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This Quick Reference Guide is a practical guide for all stakeholders who hope to implement a government-led, cross-border coordination mechanism for the protection of children who are unaccompanied and separated while in situations of migration or displacement.
This paper examines all policy and laws related to families in the South, West, East and Central regions of sub-Saharan Africa.
REPSSI is hosting its 5th biannual Psychosocial Support (PSS) Forum, under the theme “Breaking Barriers…Creating Connections” which is organised jointly by the Government of Namibia.
Through a thematic content analysis of qualitative interviews with members of migrants’ families, this article illustrates that in the context of internal labour migration, family responsibilities shift in ways that make unemployed grandmothers in South Africa who do not receive the Old Age Grant vulnerable.
The special issue of Emerging Adulthood titled “Care-Leaving in Africa” is the first collection of essays on care-leaving by African scholars. This article, coauthored by scholars from North and South, argues in favor of North–South dialogue but highlights several challenges inherent in this, including the indigenizing and thus marginalizing of African experience and scholarship and divergent constructions of key social concepts.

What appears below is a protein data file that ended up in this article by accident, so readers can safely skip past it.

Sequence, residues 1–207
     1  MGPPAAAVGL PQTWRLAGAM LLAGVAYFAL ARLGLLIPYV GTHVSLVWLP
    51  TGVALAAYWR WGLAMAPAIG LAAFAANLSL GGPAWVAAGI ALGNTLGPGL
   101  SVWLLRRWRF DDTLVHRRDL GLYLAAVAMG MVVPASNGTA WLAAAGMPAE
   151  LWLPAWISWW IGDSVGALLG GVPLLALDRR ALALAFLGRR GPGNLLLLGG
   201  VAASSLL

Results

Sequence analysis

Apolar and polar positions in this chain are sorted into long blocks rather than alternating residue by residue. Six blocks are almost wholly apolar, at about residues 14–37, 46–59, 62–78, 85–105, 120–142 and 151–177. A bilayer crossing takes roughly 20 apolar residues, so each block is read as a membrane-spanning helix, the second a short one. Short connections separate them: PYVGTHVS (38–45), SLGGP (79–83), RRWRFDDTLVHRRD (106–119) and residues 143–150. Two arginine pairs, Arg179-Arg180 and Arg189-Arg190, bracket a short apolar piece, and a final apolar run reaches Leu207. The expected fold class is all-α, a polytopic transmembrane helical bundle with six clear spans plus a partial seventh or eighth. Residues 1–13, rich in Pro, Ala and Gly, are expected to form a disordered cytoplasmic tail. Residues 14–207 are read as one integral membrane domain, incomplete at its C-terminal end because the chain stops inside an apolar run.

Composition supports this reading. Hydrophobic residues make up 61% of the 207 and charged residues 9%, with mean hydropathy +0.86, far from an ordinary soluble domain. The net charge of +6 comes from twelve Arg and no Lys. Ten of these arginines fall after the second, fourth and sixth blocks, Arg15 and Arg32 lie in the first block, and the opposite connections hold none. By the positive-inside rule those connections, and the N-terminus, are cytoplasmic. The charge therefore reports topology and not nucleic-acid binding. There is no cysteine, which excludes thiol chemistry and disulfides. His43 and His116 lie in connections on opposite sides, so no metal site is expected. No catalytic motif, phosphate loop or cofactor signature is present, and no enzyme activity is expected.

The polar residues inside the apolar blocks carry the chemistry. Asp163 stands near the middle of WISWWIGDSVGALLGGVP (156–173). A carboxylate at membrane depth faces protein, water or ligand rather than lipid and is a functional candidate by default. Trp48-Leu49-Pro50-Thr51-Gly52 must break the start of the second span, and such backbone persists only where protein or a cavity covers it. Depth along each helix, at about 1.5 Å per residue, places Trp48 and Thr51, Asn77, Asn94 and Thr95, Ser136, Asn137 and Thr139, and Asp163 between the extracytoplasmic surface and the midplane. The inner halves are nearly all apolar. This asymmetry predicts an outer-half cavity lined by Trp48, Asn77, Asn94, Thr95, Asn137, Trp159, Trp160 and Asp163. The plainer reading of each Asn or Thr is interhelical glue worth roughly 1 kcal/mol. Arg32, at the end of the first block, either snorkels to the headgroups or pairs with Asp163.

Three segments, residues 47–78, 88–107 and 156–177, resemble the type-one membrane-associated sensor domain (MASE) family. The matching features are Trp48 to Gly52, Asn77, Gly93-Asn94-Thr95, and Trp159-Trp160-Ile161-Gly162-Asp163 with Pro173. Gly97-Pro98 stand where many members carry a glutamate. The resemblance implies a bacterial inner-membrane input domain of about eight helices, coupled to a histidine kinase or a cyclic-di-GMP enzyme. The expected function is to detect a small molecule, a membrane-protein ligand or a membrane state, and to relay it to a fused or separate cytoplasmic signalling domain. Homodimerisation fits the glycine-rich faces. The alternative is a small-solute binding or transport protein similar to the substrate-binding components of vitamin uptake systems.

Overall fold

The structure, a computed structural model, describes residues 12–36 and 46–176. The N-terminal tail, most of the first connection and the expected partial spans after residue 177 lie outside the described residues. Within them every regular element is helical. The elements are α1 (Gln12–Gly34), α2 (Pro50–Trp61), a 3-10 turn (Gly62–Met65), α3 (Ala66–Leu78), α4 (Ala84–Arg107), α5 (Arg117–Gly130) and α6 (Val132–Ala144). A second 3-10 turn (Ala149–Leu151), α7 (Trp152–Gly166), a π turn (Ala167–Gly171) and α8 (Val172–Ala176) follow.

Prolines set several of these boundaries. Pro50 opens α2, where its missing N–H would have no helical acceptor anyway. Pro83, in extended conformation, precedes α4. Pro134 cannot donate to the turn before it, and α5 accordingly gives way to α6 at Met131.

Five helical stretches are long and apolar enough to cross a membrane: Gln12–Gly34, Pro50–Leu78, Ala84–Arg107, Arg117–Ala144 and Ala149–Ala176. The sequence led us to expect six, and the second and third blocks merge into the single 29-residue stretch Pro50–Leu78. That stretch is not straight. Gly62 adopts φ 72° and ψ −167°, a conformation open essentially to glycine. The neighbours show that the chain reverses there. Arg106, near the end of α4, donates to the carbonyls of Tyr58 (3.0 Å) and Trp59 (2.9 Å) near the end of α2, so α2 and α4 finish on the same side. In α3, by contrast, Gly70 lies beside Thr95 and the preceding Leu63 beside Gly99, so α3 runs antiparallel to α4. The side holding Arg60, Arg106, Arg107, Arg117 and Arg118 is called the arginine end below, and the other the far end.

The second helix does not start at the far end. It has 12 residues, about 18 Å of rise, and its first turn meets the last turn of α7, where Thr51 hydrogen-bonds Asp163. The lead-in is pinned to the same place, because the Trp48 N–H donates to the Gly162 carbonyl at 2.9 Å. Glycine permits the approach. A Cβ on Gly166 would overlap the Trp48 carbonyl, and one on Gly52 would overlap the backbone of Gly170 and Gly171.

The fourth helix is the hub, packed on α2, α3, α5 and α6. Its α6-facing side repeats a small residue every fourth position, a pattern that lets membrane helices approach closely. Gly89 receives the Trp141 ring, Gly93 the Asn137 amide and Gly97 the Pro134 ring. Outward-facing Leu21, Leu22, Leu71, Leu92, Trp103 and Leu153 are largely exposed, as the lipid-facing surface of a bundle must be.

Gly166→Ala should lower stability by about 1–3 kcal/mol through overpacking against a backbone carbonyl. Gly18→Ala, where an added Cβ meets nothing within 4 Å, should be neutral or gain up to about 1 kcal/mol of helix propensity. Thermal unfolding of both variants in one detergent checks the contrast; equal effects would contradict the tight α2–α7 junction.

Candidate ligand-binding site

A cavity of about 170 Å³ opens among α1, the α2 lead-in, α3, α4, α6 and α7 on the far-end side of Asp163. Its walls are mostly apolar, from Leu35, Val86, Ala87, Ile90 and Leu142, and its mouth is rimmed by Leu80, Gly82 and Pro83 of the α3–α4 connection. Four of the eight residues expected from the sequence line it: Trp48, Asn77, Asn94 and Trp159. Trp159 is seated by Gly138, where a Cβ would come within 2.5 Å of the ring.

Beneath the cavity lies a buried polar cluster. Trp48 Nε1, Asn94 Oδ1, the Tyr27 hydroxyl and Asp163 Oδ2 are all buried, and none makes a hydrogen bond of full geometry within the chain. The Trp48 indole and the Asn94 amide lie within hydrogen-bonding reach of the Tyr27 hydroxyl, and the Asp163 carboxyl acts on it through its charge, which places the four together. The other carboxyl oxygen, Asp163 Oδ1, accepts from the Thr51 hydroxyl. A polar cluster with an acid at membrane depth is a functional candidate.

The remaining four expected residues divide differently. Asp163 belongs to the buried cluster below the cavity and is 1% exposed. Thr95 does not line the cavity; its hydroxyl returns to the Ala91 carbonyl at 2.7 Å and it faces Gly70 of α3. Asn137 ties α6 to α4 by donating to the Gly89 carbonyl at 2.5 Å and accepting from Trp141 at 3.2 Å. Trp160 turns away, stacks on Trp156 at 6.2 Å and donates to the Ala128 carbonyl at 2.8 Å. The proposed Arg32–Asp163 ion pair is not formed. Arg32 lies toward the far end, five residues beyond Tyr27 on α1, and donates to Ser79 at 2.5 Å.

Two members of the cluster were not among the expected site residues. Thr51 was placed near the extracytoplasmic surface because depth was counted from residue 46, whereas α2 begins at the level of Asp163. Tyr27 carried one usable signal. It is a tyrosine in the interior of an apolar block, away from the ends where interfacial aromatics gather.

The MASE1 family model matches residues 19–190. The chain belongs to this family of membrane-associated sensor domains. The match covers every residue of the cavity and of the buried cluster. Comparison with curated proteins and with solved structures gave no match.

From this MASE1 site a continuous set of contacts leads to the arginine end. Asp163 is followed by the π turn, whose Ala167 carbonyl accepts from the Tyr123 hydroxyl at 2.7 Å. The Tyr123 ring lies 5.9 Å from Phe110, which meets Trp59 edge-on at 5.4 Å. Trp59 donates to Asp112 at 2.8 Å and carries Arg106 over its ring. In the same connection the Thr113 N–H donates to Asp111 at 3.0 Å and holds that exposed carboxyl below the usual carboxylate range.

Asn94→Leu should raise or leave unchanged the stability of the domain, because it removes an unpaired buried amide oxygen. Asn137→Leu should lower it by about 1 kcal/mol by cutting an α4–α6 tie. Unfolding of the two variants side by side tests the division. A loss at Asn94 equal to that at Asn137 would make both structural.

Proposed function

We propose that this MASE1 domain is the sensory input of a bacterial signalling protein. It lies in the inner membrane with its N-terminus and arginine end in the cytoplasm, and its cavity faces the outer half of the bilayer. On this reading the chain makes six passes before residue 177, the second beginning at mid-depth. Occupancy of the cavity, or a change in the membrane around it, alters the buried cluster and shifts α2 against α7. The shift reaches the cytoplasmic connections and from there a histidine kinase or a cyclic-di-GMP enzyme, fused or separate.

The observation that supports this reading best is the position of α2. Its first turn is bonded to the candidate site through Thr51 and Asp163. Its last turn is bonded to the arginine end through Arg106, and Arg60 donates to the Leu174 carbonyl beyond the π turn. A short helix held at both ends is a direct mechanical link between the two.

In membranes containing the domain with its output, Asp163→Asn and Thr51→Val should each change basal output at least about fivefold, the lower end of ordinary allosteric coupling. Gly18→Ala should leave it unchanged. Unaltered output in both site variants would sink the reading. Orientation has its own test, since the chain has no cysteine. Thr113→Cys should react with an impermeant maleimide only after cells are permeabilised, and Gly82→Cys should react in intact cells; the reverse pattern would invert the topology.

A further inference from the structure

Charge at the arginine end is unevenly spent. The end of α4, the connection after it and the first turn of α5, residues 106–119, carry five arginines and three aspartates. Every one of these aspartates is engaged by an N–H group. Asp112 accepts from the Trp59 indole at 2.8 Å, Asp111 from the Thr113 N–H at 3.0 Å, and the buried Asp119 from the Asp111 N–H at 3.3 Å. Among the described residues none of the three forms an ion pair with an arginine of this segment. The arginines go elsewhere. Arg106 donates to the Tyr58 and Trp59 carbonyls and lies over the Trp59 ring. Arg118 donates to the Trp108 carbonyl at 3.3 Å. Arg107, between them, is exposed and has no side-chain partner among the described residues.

The aim of this study was to assess the feasibility and acceptability of a home‐based intervention—Amagugu Asakhula—to promote nurturing interactions and healthy behaviours with the caregivers of preschool children.
The National Executive Committee of the South African National Association of Child Care Workers(NACCW) and the Board of Governors of CYC-Net have announced details of the 22nd NACCW Biennial Conference and the 4th CYC-Net World Conference to be held in Durban, South Africa from 2-4 July 2019.
This country care review includes the care-related Concluding Observations adopted by the Committee on the Rights of the Child.
This chapter from the boom Child Justice Administration in Africa examines the development of the child justice system in South Africa. The empirical findings in this book revealed the models put in place for alternative care of children in need of care and protection, which the author believes were hindered by inadequate budgetary allocations and could have been recorded in the administration of child justice in South Africa.
This article initiates the conversation on the conceptualisation of child neglect in Namibia, reporting findings from a small study undertaken in 2017.